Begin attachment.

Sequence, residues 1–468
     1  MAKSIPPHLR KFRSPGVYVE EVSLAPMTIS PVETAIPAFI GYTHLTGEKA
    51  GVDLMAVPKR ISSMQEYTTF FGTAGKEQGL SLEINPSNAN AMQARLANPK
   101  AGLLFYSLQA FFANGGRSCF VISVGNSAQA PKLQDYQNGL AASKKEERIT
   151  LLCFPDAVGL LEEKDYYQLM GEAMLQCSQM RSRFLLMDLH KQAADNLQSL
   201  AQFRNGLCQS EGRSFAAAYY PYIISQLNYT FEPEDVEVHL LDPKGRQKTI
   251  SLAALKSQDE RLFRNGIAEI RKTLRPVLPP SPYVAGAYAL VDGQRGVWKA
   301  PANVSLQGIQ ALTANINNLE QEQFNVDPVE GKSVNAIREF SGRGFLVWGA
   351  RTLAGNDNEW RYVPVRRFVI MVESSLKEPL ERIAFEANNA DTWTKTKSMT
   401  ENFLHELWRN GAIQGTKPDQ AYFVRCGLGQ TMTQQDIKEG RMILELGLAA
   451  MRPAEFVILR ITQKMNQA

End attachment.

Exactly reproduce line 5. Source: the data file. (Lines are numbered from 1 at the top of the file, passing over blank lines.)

   151  LLCFPDAVGL LEEKDYYQLM GEAMLQCSQM RSRFLLMDLH KQAADNLQSL